Greetings to you all at the Arctic Assembly.
Our world is changing drastically before our eyes: Once in a lifetime rains now occurring with regularity; temperate days in the Arctic in the midst of what should be an icy winter; droughts and forest fires becoming part of a ‘new normal’.
Sometimes I feel at a loss for words to describe our reality, very few words in the English language suffice. So I want to borrow three words from other languages to use as touchstones in my message to you today.
Swedish novelist Kerstin Ekman coined the term fotminne, or ‘foot memory’, in her 1993 novel Blackwater. This expression speaks of our relationship to the land as one of embodied memory. In walking the land not only are we connected to all who have walked before, but our own foot is in relationship with the earth - we leave our mark.
Human beings have left indelible footprints. The latest IPCC report tells us that the recent changes observed in the climate are unprecedented in thousands, if not hundreds of thousands, of years. Some of the changes already set in motion are irreversible over hundreds to thousands of years. We have created unsafe ground for future generations.
We are bequeathing a terrible legacy to the young and to those yet to be born. In just a couple of weeks from now world leaders will meet in Glasgow at COP26 to work out how we can limit that damage - how we can limit global warming to no more than 1.5C.
The second word I want to draw on is the southern African philosophy encapsulated in the Zulu and Xhosa word ubuntu. It loosely translates in English as “I am, because you are.” I was introduced to this concept by my dear friend, the Archbishop Desmond Tutu, who was one of my predecessors as Chair of The Elders. He defined ubuntu thus: “The concept teaches that my humanity is bound up in yours - that we are all connected. In this era of globalisation, this interdependence is more evident than ever before.”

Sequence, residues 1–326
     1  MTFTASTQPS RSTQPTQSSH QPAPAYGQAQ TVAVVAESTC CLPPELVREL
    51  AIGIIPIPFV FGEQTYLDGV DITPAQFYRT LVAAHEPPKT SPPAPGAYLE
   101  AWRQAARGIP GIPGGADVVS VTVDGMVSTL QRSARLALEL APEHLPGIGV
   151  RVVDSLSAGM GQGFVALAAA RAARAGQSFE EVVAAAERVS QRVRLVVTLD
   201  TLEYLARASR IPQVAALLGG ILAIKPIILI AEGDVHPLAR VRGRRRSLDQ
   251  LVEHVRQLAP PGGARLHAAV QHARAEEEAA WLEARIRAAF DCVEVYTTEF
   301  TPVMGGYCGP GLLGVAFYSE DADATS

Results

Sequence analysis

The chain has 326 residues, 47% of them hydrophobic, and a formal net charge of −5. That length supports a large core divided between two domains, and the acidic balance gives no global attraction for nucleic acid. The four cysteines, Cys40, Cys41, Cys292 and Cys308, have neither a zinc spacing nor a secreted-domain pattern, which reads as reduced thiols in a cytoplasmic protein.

Ubuntu is a word that speaks as much about a desire for justice as it does a hope for unity. The climate crisis has created so many layers of injustice, I identify five:
Firstly, it has disproportionately affected the poorest countries, poorest communities, small island states, indigenous peoples.
Secondly, within that, it has exacerbated gender injustice. The roles of women, the difference in access to power - to rights. Yet it is often women who are the ones building resilience in their communities.
Thirdly there is the terrible intergenerational injustice I have already mentioned.
The fourth injustice is a subtle one. Industrialised countries built their economies on fossil fuel. Now our challenge is to wean ourselves off far more quickly than we’re doing and to provide a just transition for the workers that helped us to build our economies. And we need to support developing countries to bring themselves out of poverty.
Lastly there is the injustice to nature herself. In the Arctic we must do all we can to prevent further harm. With glacial melting accelerating and an ice-free summer ocean extending every year, the Arctic becomes easier to gain access to. But this should not signal an opportunity for more extraction.
We need an ubuntu-inspired sense of climate justice that will address these layers of unfairness and we must acknowledge we need all of us to play our part.
This brings me to my final word, and it is one from my own native Ireland.
Misneach is one of those words that requires the whole of your mouth to pronounce it and the entirety of your imagination to embrace it.
Misneach refers to a kind of courage for those who are not ready, or not in the right mood, to be courageous.
The past two years of the pandemic has felt heavy. When we consider the climate crisis we can feel heavier still. We live in an era marked out by its burdens and threats. But we must find courage! We must find courage as the alternative is to give up, and that is an alternative too awful to consider.
This is the challenge I want to leave with you today: How can we find our courage, our misneach, in the midst of this crisis and how can we encourage our leaders to do the same?
Let us all tread lightly. Walk together seeking climate justice. Imagine a future with the courage and determination needed to get us there.